The design of Our Story is based around the findings from a number of areas of research.

Interest, engagement and motivation in reading
Printed books have been the traditional pathway into reading, however, most children are intrigued by new technology and so we made use of this interest and engagement.  Flewitt, Kucircova & Messer (2014) http://oro.open.ac.uk/40599/ have discussed the special features of digital technology, such as the way that touch provides direct control of the interface, which make it especially attractive to children.

Telling stories and narratives
There is renewed interest in the way that story-telling and narration can help the development of self-expression which is fundamental to many social and educational processes.  Much of what we do involves telling others about our experiences or knowledge (Petersen, 2011; Kucirkova, Messer, Critten & Harwood, 2014 http://oro.open.ac.uk/39918/ Kucirkova, Messer & Sheehy, 2017 http://oro.open.ac.uk/49019/ )

Personalisation
This makes a learning experience relevant to a child, it is important to many forms of teaching, and we have evidence that it can for example help children learn new words when looking through a picture book (Kucirkova, Messer & Whitelock, 2012; http://oro.open.ac.uk/31358/ Kucirkova, Messer & Sheehy, 2014a http://oro.open.ac.uk/40735/ , 2014b http://oro.open.ac.uk/40613/ )

Shared book reading
The frequency of shared book reading when a child and adult look through a book together has been shown to be related to later language and reading development (Meng, 2016; Sénéchal et al., 2008; Kucirkova, Messer & Whitelock, 2010 http://oro.open.ac.uk/39918/ )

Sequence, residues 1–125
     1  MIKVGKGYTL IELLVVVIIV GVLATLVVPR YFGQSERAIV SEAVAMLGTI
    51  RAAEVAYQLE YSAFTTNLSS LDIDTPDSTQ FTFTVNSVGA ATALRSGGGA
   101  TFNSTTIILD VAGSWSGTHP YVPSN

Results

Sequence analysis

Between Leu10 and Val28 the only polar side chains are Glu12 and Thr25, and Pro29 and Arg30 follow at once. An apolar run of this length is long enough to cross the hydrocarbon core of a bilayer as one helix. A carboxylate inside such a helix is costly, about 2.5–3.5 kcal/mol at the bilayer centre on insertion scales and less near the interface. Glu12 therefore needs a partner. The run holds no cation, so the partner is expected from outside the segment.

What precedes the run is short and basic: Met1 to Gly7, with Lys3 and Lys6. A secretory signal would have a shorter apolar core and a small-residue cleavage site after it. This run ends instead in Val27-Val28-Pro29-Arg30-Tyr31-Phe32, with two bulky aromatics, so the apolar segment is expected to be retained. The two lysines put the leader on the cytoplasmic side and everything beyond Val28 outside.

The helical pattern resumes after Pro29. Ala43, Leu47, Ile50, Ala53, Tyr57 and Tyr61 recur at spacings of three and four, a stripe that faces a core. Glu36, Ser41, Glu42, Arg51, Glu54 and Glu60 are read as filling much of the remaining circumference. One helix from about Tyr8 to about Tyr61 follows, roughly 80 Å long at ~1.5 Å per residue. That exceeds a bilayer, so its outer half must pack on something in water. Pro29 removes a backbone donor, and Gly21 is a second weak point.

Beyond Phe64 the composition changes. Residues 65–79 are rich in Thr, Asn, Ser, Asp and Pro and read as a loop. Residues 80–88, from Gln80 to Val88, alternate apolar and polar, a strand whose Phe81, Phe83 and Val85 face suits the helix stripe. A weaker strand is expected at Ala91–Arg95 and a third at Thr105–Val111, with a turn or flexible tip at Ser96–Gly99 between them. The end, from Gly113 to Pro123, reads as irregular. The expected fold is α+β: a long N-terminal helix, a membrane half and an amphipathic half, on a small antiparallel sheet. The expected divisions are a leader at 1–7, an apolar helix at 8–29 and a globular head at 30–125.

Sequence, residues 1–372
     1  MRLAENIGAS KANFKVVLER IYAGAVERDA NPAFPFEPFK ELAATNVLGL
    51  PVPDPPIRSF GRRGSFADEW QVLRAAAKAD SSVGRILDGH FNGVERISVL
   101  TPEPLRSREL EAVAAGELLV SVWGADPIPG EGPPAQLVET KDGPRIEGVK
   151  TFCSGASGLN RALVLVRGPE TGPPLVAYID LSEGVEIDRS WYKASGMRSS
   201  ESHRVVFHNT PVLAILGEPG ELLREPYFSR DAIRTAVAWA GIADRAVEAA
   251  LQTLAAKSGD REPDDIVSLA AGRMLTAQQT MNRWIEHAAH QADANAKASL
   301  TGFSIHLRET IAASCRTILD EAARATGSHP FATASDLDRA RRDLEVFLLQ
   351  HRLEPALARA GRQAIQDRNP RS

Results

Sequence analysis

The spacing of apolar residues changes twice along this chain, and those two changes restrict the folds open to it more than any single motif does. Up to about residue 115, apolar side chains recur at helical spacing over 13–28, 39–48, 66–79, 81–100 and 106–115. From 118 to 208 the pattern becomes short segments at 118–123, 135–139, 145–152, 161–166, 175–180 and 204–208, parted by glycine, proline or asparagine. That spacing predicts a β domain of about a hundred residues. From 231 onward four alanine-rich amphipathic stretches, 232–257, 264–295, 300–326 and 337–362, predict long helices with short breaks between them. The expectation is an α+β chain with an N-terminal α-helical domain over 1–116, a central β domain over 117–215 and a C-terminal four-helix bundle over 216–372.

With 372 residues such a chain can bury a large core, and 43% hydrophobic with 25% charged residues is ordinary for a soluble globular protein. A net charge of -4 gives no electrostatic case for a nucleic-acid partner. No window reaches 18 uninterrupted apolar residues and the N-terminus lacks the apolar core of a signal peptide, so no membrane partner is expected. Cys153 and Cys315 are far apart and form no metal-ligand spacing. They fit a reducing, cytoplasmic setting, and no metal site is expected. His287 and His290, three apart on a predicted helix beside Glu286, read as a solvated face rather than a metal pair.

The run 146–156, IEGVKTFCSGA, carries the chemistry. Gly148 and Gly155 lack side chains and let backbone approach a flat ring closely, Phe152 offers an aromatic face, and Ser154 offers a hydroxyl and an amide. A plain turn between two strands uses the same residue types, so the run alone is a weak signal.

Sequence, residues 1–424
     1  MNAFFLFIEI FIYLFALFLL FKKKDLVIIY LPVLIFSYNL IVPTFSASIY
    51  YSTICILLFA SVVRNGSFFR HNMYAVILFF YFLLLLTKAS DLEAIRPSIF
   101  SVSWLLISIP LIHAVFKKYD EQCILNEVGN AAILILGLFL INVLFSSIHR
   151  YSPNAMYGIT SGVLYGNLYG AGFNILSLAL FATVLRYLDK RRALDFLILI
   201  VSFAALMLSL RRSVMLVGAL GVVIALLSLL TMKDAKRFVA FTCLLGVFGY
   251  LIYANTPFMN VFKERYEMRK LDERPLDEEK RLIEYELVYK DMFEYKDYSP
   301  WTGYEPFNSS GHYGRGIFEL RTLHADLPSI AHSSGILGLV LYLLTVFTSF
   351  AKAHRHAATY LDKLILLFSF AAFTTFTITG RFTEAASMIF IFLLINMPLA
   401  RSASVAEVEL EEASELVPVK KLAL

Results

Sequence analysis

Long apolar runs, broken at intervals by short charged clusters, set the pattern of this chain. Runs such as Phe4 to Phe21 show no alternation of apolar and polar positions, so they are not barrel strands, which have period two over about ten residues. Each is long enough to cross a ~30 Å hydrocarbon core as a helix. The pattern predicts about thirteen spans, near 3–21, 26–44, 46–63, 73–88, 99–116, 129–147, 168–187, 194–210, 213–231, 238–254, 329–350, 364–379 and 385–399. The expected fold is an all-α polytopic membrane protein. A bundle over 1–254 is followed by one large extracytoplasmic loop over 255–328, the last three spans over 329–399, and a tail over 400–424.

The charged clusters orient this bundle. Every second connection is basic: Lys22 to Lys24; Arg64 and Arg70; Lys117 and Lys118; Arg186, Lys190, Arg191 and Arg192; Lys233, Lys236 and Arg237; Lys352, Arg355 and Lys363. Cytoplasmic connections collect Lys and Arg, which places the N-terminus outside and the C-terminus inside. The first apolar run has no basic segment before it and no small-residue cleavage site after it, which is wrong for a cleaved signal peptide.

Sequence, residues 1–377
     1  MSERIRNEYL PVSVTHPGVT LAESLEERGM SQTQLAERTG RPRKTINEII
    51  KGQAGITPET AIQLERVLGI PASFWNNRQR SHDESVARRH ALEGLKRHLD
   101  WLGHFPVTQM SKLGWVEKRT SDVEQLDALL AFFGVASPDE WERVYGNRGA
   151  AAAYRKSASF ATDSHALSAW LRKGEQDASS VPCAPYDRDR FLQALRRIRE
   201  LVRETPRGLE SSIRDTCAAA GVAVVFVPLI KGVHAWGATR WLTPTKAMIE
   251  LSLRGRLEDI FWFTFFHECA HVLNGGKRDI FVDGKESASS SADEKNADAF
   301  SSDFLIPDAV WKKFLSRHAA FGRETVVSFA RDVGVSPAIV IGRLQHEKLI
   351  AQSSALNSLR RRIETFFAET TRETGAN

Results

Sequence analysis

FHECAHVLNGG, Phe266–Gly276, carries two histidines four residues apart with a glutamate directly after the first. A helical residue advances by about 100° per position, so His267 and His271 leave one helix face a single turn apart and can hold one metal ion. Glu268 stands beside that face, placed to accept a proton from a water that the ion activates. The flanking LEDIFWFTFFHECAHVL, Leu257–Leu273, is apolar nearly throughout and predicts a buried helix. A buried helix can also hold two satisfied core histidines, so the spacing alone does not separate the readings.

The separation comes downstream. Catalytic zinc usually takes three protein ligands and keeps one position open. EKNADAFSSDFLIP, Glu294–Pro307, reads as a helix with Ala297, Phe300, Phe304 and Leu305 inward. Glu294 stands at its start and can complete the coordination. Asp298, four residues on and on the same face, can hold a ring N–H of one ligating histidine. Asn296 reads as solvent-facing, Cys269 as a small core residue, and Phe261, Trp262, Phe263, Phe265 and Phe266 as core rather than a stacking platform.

Creativity
Creating and making new things are important feature of children’s play (Vygotsky, 1987), we wanted to use smart technology in a way that focussed on such activities (Canning, Payler & Horsely, in press)

References not in ORO

    Meng, C. (2016).  Joint Book Reading and Receptive Vocabulary: A Parallel Process Model.  Infant and Child Development, 25: 84–94.

        Sénéchal, M., Pagan, S., Lever, R. & Ouellette, G. P.  (2008). Relations among the frequency of shared reading and 4-year-old children's vocabulary, morphological and syntax comprehension, and narrative skills. Early Education and Development, 19, 27-44.

    Petersen, D. (2011). A systematic review of narrative based language interventions. Communication Disorders Quarterly, 32, 207-220.

    Vygotsky LS (1987) Thinking and speech. In: Rieber RW and Carton AS (eds) The Collected Works of LS Vygotsky. VoI 1: Problems of General Psychology. New York: Plenum, pp. 39–285. (Original work published 1934).

Recommended reading

Book Blethering with the Teachers’ Readers Group

In this blog experienced teacher Kevin Cobane explains how joining the OU/UKLA Teachers’ Reading Group led by Dr Nicola Smith at the University of Birmingham enabled him to expand his knowledge of Children’s literature through discussion with other members and ultimately develop his teaching practice.
theliteracyglobe.wordpress.com

A Complex View of Lifelong Reading, Margaret Mackey

A Complex View of Lifelong Reading by Margaret Mackey who challenges us to think again about the waywardness of lifelong reading habits, a fascinating read, worth discussing with colleagues.
researchrichpedagogies.org

Comfy Reading

In this great short film year 4 teacher and podcaster David Keyte explains how our research inspired him to introduce 'comfy reading' within his classroom. He explains how this had an immediate positive impact on the class.
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